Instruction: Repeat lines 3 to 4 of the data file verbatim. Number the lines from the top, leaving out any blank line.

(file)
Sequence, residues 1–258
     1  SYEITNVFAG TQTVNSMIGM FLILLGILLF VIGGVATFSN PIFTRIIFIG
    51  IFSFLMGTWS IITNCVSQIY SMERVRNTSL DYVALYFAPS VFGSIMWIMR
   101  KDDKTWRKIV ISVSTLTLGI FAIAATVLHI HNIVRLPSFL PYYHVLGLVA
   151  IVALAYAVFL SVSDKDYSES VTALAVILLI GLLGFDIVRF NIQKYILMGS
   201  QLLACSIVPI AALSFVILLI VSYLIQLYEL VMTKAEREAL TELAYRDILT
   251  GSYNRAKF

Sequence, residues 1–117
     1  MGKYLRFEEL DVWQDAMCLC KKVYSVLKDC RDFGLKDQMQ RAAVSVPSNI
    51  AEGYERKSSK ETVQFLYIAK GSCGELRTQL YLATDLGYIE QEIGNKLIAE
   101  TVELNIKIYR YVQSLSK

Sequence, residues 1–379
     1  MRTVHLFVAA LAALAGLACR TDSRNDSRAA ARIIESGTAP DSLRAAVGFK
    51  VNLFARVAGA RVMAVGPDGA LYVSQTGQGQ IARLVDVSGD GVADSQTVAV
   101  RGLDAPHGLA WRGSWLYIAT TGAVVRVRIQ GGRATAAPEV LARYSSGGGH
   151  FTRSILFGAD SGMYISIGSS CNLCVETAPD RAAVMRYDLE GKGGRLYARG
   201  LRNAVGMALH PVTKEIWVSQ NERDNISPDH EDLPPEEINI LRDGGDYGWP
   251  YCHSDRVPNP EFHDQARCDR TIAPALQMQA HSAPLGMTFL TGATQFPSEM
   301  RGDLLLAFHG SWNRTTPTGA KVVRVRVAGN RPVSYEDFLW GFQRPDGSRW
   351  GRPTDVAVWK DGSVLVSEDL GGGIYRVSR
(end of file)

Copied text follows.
    51  IFSFLMGTWS IITNCVSQIY SMERVRNTSL DYVALYFAPS VFGSIMWIMR
   101  KDDKTWRKIV ISVSTLTLGI FAIAATVLHI HNIVRLPSFL PYYHVLGLVA